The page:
Swedish electropop musician Ester Ideskog was well on her way to completing her third album under the name Vanbot, yet it still wasn’t right. In a daring move, she scrapped those efforts and sought a break from the confines of a recording studio. To thaw her frozen inspiration, she chose an entirely new locale: the Trans-Siberian Railway.
The resulting album Siberia was written and recorded entirely on board a train trundling along the longest railway line in the world, which also runs through some of the most sparsely populated regions of the planet. If Ideskog was searching for a space to stretch out creatively, she found a good one.
What came out of the process was a rather uneven work. The vast landscapes evoked by Ideskog’s flowing synthpop on Siberia are punctuated by minimalist lyrics veiled in isolation and seclusion that she has said were more about gut feelings than song form. With that, though, her narrative and the record often suffers.
Relying on fewer words to tell a story works when it’s done right. On “Close Enough (Ulan Bator)” (each track is subtitled by a stop along the Moscow to Beijing route), she tries convincing someone that “I’ll love you if you let me.” And her repeated pleas of “I can’t get close enough” signal a deep divide she can’t cross. The overlapping beats and timing of “Stay With Me (Perm)” run on top of a droning loop, perhaps meant to mimic the disorientation of a long journey. But like a lifeline, Ideskog reassures, singing, “Still/Move/Goes speed/Comes time.”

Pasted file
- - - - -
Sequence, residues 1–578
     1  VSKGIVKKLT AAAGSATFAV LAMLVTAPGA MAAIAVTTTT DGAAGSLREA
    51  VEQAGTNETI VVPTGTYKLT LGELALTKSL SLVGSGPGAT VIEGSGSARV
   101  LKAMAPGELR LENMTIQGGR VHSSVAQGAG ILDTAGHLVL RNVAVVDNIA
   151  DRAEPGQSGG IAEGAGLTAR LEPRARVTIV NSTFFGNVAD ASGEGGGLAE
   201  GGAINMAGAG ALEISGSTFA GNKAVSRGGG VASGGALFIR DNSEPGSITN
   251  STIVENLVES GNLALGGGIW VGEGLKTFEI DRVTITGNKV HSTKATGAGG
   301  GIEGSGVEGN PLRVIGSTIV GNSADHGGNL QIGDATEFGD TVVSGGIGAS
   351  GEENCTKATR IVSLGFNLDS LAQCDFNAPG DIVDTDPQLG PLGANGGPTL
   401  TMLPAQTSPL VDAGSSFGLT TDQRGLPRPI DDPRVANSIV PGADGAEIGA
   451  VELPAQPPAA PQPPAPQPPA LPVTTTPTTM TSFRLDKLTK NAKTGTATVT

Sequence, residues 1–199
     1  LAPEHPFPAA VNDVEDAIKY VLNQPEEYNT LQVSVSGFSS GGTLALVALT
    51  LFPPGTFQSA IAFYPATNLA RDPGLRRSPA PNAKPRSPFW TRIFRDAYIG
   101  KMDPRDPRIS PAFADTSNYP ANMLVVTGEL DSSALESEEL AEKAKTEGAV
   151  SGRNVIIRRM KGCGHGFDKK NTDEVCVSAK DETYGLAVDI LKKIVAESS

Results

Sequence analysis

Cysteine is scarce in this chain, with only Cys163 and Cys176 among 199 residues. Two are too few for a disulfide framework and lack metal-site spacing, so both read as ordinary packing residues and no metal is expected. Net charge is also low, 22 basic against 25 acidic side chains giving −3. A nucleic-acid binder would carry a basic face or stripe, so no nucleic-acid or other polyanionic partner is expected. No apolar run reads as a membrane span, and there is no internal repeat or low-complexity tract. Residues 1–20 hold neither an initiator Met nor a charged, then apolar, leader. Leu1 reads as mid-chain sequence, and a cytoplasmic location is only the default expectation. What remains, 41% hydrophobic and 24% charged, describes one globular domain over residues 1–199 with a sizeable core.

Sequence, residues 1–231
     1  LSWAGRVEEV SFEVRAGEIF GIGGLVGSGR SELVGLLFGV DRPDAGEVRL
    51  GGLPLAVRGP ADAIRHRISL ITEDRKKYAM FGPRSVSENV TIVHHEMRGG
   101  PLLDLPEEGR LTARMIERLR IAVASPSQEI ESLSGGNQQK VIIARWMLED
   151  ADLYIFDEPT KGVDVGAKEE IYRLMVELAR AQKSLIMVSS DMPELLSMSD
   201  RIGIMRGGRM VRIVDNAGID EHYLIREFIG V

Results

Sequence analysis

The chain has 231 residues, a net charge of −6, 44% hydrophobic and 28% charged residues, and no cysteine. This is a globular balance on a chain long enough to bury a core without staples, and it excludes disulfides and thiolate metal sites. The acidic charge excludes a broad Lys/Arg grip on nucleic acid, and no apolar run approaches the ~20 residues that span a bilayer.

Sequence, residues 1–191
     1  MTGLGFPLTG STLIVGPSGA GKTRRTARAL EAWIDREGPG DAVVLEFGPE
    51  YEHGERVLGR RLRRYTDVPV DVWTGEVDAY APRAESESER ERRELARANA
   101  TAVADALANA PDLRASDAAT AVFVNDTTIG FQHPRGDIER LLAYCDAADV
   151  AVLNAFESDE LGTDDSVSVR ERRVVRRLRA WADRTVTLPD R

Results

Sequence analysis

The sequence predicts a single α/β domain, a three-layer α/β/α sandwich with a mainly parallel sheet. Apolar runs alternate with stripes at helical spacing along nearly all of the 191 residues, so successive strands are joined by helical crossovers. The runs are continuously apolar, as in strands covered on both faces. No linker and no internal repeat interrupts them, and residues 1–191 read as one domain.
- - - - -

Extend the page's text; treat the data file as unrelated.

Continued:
Elsewhere on the album, a “pressure in my head” defines “Collide (Krasnoyarsk),” which smartly clashes brash, cold percussion with synthpop underpinnings, but its lyrics are too vague to grasp. In the acoustic-tinged “Hard To Get Used To (Baikal),” she rambles in a jumbled monotone, keeping the story static.
It often lands on Ideskog’s vocals to provide a welcome depth and texture to the music, beginning with the steady pulse of “Not That Kind (Moscow).”. Her delicate, pixieish voice provides a constant sense of calm, counteracting her startling command to “put my head on a stick and raise it high.” Her search continues on the uplifting “On The Fly (Omsk),” riding “on endless steel” to “hunt for thoughts on the fly” while gazing at the blurry tracks below. Throughout, she sonically references the trip by including industrialized ambient sounds from the train, like the clink/rattle of a distant car or the hush of another as it pushes ahead.
Siberia seems to have satisfied a need in Ideskog to break from production conformity, and while there are weak spots lyrically, its shadowy memories and hazy snapshots of the Russian railway emit a steady warmth you can return to.